Trinity 9 2015

Parables are the perfect text for those lazy, hazy, days of summer. Parishioners like them because they already know the story and can snooze during the sermon; pastors like them because they are so easy to preach, and any pastor worth his homiletical salt can preach on a parable in his sleep. All you have to do is to sort of re-tell the story, toss in a little Law, add a little Jesus, and voila, you’re done. And Luke’s a treasure trove of parables: prodigal sons, lost sheep, lost coin, the sower, and the good Samaritan—just to name a few.
But there’s always an exception to the rule though isn’t there? There’s always that person (or parable) willing to throw a wrench into the works of simplicity to complicate things, and that’s exactly what Luke 16 does: a trap door opens and a “jack-in-the-box springs up in the plot to unsettle” the preacher and “to complicate the” task.
The trouble isn’t the parable itself, in fact it’s a pretty good story, almost on the order of Robin Hood; the problem comes in verse 8: And his master commended the dishonest manager because he had acted shrewdly, and we can’t have a Jesus who seems to uphold what it is that this “unjust” steward did. In fact if it wasn’t for that single portion of a verse, this parable would be smooth sailing, but now, now, we preachers have to somehow explain-or explain away-how it is that Jesus could commend the action of the steward. And the master, let’s not forget about the master, who is not outraged, who does not order the steward jailed, but seems to be delighted with the manner in which he had been duped.
Luke 16 has the very real potential to become one hot, homiletical mess.
From my perspective though, the best way to deal with a parable like this is make the assumption that Jesus knew what he was talking about-that is, no one came later and added verse 8, and to simply deal with the parable as its written-and not how I might wish it had been written.
To begin with, well, let’s start with There was a rich man, and while that seems a harmless enough start, almost like “Once upon a time,” but to be called “rich” in Luke’s gospel by Jesus is never a good thing; for Luke, “rich” is never a neutral term. Those called “rich” by Jesus are those who are always blind to what it is he’s teaching.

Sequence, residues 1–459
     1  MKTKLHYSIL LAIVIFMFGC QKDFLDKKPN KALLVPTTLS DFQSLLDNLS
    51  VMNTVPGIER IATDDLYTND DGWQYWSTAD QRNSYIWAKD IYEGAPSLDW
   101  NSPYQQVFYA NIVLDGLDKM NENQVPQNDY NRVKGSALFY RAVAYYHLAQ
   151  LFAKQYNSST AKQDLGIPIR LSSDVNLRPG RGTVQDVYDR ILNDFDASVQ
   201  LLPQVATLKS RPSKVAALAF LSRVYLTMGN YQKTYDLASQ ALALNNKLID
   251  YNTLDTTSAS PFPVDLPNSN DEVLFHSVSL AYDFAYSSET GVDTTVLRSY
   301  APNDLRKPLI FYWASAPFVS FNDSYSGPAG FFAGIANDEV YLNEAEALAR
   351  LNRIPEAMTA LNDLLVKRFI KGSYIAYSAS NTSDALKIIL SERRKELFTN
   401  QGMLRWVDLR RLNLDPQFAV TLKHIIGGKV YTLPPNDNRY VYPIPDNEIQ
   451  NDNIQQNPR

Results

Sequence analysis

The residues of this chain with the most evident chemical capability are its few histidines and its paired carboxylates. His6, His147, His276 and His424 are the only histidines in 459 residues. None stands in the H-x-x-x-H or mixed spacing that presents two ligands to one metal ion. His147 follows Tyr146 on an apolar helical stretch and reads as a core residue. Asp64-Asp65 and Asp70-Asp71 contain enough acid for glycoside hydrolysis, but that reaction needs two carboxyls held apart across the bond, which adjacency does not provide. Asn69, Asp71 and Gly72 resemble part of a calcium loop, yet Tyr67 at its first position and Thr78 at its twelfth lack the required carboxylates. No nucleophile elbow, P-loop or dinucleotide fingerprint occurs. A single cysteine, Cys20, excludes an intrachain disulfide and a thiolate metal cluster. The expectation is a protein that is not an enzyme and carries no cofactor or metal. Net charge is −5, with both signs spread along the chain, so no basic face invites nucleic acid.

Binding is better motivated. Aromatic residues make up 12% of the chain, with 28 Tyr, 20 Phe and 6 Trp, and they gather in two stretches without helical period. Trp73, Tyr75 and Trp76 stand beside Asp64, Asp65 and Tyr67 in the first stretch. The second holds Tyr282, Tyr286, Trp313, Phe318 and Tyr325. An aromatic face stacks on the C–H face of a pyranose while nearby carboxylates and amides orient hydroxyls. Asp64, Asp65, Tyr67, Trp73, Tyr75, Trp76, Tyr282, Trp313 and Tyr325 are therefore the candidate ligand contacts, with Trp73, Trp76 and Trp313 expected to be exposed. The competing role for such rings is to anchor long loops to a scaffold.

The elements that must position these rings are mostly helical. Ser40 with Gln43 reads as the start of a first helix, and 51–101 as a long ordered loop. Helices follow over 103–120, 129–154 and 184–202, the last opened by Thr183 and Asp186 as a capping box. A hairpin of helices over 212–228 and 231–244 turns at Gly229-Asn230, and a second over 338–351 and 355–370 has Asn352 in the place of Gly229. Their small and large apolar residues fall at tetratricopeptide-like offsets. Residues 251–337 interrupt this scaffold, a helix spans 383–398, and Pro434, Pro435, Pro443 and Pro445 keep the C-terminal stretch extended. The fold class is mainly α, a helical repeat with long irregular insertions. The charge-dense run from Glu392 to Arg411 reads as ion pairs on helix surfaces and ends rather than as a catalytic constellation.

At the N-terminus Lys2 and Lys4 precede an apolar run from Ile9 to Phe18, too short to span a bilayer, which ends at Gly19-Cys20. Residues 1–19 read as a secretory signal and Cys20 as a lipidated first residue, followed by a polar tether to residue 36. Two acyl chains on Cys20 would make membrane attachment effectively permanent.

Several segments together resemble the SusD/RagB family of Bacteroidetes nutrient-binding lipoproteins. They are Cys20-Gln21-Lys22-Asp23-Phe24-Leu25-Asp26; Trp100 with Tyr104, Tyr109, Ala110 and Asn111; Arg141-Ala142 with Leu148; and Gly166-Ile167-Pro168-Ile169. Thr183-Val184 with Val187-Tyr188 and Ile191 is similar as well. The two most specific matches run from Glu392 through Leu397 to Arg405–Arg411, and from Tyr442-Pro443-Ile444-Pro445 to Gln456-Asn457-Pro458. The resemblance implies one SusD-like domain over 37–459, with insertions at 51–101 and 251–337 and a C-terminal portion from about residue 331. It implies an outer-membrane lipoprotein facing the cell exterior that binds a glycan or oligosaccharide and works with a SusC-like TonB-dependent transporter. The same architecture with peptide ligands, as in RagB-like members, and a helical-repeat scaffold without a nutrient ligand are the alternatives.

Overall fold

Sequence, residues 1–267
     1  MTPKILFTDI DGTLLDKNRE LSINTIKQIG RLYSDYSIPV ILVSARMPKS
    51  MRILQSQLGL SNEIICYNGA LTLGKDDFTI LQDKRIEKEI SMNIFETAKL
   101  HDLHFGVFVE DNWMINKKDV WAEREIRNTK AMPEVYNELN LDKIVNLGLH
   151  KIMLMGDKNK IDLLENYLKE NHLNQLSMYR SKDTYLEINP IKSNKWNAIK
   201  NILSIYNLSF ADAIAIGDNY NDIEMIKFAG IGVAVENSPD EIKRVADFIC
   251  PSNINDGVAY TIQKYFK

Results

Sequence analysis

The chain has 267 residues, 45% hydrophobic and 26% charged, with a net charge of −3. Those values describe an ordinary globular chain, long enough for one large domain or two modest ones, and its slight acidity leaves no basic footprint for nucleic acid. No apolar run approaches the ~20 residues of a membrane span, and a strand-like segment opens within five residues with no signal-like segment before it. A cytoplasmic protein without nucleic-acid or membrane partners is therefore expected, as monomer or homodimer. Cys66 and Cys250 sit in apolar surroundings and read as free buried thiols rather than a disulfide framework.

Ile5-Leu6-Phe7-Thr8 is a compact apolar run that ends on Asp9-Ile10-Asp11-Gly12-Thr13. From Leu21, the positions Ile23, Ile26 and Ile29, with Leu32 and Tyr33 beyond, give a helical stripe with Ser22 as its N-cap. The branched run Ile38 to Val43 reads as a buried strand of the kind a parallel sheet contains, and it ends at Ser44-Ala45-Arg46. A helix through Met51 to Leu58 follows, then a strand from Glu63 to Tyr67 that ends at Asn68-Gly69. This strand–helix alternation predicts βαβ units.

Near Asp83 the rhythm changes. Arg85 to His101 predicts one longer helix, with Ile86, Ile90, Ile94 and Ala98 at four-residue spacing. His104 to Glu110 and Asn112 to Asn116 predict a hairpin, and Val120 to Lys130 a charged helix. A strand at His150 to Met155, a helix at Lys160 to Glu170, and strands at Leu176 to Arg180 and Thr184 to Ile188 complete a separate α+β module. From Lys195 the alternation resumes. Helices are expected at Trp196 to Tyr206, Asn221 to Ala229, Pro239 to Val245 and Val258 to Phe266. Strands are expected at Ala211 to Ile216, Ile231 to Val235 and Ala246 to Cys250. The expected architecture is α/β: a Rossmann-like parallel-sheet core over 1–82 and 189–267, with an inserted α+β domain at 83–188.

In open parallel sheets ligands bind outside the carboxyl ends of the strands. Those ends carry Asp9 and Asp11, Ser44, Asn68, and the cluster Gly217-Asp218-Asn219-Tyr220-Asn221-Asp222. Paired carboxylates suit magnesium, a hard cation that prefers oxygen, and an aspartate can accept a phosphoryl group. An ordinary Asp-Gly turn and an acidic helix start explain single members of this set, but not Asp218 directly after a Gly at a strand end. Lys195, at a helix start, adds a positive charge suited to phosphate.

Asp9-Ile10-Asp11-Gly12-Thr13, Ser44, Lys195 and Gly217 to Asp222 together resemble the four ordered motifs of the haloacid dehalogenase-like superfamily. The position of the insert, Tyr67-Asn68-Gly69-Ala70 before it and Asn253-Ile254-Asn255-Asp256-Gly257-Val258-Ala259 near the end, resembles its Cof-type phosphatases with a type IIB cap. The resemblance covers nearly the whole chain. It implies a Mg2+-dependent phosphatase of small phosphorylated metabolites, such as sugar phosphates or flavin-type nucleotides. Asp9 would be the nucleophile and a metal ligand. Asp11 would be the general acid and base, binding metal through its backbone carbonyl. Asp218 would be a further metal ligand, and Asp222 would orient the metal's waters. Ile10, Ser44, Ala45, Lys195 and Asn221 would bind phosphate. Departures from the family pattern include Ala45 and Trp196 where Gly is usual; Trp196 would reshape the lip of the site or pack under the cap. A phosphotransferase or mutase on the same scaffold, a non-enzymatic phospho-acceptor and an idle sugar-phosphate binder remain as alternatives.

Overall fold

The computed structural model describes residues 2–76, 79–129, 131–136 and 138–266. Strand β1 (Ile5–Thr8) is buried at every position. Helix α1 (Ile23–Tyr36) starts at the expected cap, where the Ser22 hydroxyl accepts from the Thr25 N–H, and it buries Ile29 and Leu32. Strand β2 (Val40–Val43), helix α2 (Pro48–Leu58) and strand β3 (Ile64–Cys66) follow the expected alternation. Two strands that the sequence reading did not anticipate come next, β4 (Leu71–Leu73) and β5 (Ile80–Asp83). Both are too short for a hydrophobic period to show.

It’s the poor Mary sings of in the Magnificat who will be exalted by Christ; Jesus is said to be the One who will bring good news to the poor, and it is Jesus who says, But woe to you who are rich, for you have received your consolation.
And we know how the rich fare in Luke’s gospel: there’s the rich young ruler, the rich fool who wanted to build more barns, and then there’s the rich man in purple who ignored Lazarus.
So we can’t ignore the economics that are at play in this parable; nor can we allegorize them away in those comfortingly abstract categories of “sin,” or “debt,” which are nowhere to be found in the parable.
This then is the “rich” man who is the landowner, and if you happened to be in the crowd listening to this tale being told, you would already be predisposed to dislike the rich man, and perhaps we are too.
What happens? That’s perhaps the simplest part of the parable and can be summed up as follows: “You abuse it, you lose it…period.”
Now that’s a statement that would make a Pharisee’s heart leap for joy: a crime has been committed, and instead of mercy or clemency, this steward is going to be removed, and from the sound of things, be forced to beg for a living. There’s no begging for mercy, there’s no confession or forgiveness, there’s not a “Go and sin no more,” what there is, is a scheme. The plan as hatched is to give all of the creditors a monetary break, gain their favor, and then when the steward is out on his ear, hopefully the people he helped with remember such aid, and welcome him into their homes.